AN Taisce wants an end to free parking at the University of Limerick, describing the campus as â€œunsustainably car dependentâ€.
The heritage body has urged UL to begin a â€œphased reductionâ€ in the number of parking spaces available around the campus - currently over 3,000 - and argues that only disabled drivers should be exempt from parking charges in future.
An Taisceâ€™s comments to Limerick County Council are in response to a planning application by UL for its proposed Bernal building, a â‚¬52 million science block.
The university has a total of 3160 parking spaces on its grounds, of which 842 are reserved for staff who are issued with permits.
A charge is levied at two campus car parks which have a total of 673 spaces.
In its mobility management plan, submitted to the council as part of the planning application, the university states it is considering introducing fees in other car parks - as long as users of the campus are given greater incentives to use public transport, cycle or walk.
â€œThe university recognises that the availability of abundant free parking increases demand and lessens the attractiveness of other more sustainable transport modes. At present, pay parking is already in existence in two of the university car parks. The university is considering the rollout of pay parking in other existing car parks as a means of controlling demand and encouraging a modal shift to more sustainable transport modes,â€ the report states.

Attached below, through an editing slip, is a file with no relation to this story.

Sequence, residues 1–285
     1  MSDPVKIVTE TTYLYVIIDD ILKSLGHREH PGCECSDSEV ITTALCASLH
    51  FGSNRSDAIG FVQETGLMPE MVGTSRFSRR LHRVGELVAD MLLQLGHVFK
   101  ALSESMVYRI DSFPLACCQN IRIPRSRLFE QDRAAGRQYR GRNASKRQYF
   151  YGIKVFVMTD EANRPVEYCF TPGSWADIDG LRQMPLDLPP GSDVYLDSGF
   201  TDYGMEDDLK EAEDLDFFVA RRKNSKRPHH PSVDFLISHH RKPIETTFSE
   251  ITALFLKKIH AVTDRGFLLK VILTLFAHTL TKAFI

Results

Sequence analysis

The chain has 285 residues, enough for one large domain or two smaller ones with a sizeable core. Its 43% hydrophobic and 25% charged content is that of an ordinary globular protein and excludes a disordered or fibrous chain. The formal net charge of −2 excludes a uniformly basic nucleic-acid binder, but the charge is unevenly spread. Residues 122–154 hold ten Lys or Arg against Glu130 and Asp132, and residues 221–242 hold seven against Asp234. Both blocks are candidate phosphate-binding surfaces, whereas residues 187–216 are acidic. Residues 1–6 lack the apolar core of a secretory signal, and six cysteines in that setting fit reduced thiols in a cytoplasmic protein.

But it adds: â€œit is not recommended that this option should be implemented in isolation as viable alternatives must be provided for those who are willing to change their travel habitsâ€.
The report outlines a car pooling scheme for staff and new facilities for cyclists - including over 50 cycle stands provided in the last year - as being among the efforts to reduce the transport carbon footprint at UL.
But An Taisceâ€™s Ian Lumley described ULâ€™s mobility management plan as â€œdeficient in timetables and targetsâ€, before calling for more widespread parking charges and a reduction in the amount of spaces.
Planners at Limerick County Council are due to decide on the proposed Bernal Building by December 2.
The proposed facility is to boost research capability in science and engineering with a number of new labs. A 200-seat lecture hall is also proposed for the building, which is to be linked to the existing materials science building by a pedestrian bridge.